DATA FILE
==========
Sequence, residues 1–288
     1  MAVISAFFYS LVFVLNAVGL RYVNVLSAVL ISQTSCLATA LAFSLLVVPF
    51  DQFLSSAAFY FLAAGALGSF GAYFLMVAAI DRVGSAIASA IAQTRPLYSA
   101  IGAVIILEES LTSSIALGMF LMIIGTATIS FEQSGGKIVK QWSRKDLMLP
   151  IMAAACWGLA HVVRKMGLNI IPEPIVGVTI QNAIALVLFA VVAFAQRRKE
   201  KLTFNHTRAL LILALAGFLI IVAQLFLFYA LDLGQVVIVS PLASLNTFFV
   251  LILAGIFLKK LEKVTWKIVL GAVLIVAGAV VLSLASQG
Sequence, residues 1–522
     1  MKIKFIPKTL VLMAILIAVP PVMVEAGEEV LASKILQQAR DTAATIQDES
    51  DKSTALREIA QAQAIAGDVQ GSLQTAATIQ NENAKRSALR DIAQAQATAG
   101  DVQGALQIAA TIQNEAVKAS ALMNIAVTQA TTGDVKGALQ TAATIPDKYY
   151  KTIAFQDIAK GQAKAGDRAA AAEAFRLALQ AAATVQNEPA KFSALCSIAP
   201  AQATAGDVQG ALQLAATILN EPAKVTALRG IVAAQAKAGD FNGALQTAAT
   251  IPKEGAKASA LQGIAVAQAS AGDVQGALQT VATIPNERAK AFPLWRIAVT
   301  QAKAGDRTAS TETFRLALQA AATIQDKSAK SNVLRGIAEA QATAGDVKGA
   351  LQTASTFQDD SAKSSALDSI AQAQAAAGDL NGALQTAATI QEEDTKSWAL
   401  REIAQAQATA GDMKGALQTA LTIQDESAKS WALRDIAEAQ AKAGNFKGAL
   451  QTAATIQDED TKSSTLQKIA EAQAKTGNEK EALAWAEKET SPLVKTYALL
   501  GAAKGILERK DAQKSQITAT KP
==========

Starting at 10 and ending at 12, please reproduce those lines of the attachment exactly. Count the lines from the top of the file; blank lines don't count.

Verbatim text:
    51  DKSTALREIA QAQAIAGDVQ GSLQTAATIQ NENAKRSALR DIAQAQATAG
   101  DVQGALQIAA TIQNEAVKAS ALMNIAVTQA TTGDVKGALQ TAATIPDKYY
   151  KTIAFQDIAK GQAKAGDRAA AAEAFRLALQ AAATVQNEPA KFSALCSIAP